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A television control room (Sheryl Nadler/Sheryl Nadler/THE GLOBE AND MAIL)
A television control room (Sheryl Nadler/Sheryl Nadler/THE GLOBE AND MAIL)

TV gets nod to negotiate signal fees Add to ...

Canada's conventional television networks should be able to negotiate payment for their signals, which are currently available for free to cable and satellite distributors, the federal regulator ruled on Monday.

It's an issue that has gone before the Canadian Radio-television and Telecommunications Commission twice before. Monday's ruling drew a harsh reaction from distribution companies BCE Inc. and Rogers Communications. Inc.

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During a set of hearings in November, the broadcasters - CTV Inc., CBC and CanWest Global Communications Corp., which owns the Global network - argued once again that in an environment of crumbling advertising revenues and fragmented audiences, they should have access to an additional revenue stream from the distributors that make money providing those signals to Canadian homes.

The result is not exactly what the broadcasters wanted: fee-for-carriage, as was proposed in the past, would have seen the federal regulator require distributors like Rogers and Bell Canada to pay the conventional networks the same way they pay for the signals of specialty and pay television services. Value for signal, on the other hand, simply puts the CRTC's endorsement behind a negotiation process.

The CRTC decision said that "the system needs revision so as to permit privately owned television broadcasters to negotiate ... to establish the fair value of [their signals]"

Read the CRTC's new policy "The new approach to licensing on the basis of ownership groups reflects the trend of media convergence"

Under the new system, the broadcasters would have the choice every three years to negotiate value for their signals. If they choose to do so, they give up regulatory protections that require cable and satellite companies to carry all the conventional networks and to place them at a preferential point on the dial (on channel 8 instead of 508, for example). That three-year option was proposed by CTV at the hearings in November.

If the broadcasters choose to negotiate, and are unable to come to an agreement with a distributor, they could pull their signals from the cable or satellite feed in question and also block other channels on the same service from broadcasting programs to which they have purchased the Canadian rights.

So, if CTV and Rogers were unable to make a deal, there might be no cable distribution of CTV for Rogers' customers and also a blackout on any channel with American Idol in its prime-time lineup.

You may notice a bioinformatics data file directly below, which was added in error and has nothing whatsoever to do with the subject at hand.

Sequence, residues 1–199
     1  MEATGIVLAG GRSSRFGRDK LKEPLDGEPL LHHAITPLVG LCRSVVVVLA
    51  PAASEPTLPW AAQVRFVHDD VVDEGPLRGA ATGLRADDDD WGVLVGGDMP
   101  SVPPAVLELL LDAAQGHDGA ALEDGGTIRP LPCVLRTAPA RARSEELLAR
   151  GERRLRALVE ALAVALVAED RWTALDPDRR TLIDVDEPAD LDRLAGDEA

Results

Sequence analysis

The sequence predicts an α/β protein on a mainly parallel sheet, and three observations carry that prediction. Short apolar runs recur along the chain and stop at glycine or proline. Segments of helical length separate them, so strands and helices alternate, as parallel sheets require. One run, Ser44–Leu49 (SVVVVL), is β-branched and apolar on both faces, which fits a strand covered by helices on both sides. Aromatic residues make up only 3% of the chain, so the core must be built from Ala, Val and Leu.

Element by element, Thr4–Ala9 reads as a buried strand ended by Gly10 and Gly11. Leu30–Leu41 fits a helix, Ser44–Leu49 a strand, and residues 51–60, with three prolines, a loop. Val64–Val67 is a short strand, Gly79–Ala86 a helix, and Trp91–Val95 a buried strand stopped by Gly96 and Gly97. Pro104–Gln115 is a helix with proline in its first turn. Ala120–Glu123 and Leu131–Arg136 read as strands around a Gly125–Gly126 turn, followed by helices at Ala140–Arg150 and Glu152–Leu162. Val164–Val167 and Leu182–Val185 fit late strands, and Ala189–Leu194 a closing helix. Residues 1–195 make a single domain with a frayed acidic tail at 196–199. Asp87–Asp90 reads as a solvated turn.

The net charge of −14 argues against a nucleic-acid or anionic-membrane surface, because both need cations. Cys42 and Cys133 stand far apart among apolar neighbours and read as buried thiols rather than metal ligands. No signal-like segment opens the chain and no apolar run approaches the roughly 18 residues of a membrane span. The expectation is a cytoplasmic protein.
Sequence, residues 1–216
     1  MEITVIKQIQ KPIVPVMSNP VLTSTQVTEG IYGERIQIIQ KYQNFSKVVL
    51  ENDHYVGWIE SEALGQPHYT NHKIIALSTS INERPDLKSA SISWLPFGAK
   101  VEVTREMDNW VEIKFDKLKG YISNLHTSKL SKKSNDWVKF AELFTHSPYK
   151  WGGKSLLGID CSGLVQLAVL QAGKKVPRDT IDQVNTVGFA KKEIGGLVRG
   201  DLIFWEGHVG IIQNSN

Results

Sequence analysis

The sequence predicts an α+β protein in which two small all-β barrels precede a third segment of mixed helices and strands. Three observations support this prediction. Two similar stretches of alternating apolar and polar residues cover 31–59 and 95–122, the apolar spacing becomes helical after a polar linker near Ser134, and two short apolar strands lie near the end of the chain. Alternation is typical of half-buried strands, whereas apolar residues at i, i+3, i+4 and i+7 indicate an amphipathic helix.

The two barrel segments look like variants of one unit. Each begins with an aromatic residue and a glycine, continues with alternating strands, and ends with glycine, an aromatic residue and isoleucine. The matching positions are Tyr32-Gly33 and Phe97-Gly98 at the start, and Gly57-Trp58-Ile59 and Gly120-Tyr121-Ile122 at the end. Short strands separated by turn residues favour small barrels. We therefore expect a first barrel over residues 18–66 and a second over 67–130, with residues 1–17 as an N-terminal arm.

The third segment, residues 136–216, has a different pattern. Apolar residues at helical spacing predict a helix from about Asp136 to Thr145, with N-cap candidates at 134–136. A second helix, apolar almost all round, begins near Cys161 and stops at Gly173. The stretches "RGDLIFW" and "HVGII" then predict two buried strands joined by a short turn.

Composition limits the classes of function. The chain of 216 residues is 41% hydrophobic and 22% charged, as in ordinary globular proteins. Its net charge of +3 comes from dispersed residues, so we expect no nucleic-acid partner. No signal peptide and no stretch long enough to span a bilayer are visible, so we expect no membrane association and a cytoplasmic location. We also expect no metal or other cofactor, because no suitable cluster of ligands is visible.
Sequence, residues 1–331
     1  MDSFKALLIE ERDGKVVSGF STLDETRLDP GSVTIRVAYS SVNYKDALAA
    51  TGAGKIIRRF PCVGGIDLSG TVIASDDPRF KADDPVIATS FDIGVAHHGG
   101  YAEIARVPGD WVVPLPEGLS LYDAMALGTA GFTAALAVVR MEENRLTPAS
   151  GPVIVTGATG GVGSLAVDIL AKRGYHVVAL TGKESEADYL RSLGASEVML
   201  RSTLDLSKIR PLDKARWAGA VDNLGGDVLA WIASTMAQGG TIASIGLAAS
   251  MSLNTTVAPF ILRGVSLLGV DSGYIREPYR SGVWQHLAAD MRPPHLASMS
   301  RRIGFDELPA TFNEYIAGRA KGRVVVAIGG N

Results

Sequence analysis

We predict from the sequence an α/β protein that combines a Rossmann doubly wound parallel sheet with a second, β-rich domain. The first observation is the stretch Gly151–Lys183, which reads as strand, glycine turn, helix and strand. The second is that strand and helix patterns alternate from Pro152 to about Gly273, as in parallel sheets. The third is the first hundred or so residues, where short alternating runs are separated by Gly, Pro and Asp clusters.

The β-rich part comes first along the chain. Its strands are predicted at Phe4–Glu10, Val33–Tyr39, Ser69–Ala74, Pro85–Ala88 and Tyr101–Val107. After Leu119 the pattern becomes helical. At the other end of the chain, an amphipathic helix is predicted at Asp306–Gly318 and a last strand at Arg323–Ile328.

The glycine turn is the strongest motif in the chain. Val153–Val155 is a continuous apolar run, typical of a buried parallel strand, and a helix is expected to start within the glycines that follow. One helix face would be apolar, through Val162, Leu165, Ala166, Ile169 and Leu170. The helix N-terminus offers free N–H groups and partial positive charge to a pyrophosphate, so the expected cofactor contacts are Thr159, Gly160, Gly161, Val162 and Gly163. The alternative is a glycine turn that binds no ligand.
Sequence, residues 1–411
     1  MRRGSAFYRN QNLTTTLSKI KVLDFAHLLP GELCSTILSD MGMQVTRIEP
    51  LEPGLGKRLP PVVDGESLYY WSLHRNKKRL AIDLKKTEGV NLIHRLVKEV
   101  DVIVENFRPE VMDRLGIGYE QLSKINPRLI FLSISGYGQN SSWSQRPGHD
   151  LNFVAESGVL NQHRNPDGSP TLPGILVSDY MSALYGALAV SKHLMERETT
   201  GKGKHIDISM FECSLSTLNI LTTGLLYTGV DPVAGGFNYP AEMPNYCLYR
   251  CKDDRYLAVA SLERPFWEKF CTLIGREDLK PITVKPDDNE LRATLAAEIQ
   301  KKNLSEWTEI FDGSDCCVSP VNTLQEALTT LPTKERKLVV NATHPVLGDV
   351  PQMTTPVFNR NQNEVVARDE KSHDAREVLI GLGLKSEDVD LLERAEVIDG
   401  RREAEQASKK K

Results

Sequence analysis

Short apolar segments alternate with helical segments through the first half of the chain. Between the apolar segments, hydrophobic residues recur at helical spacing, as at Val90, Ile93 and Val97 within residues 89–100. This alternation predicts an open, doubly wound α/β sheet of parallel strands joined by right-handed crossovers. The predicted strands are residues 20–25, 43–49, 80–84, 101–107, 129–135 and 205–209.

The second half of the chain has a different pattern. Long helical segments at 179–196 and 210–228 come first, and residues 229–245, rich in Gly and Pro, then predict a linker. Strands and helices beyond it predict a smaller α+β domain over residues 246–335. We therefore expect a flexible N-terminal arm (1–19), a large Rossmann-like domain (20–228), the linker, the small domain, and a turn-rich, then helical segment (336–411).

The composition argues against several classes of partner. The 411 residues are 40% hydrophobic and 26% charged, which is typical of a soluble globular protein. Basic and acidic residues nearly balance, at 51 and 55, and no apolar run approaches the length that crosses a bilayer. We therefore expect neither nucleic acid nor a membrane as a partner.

The only broadcaster left out of the new framework is the CBC. Because it is a public broadcaster, a negotiation process that could involve the network pulling its programming does not fit with the CBC's mandate, according to the CRTC.

Rogers and Bell parent BCE Inc. reacted harshly to the decision.

"The CRTC today has essentially placed a tax on all cable and satellite customers," Rogers vice-chairman Phil Lind said in a statement. "While the over-the-air broadcast sector has had financial challenges during a tough recession, the commission has decided to penalize our customers and impose fees for services that are available free over-the-air for anyone with an antenna or on the Internet."

Added Kevin Crull, president of Bell Residential Services: "The CRTC is prepared to have Canadians pay even more to subsidize profitable broadcasters and their ever-increasing spending on U.S. programming."

The decision comes after a CRTC report last Friday that showed broadcasters operated at a loss in 2009, for the first time since the commission began recording industry numbers in 1996.

The CRTC's decision on Wednesday noted that "the dramatic change in proportions indicates a significant shift in market positions."

Cable and satellite distributors once again boosted their profits in 2009, and also increased the fees they pay to specialty and pay television channels for the privilege of distributing their programming. The broadcasters now want a slice of those fees, which last year amounted to a total of $2.5-billion.

Private broadcasters lost $116-million before interest and taxes, wiping out an already meagre profit of only $8-million in 2008. However, they also spent more on foreign programming than ever before, a practice that was strongly criticized by the cable and satellite firms during the course of the debate.

The CRTC has introduced a minimum spending requirement for Canadian programming of 30 per cent for the three largest private broadcasters (CTV, Global and CITY-TV). For companies such as CanWest that own both a conventional network and specialty stations, the regulator will allow more flexibility on how they distribute some of that spending among their conventional and specialty services.

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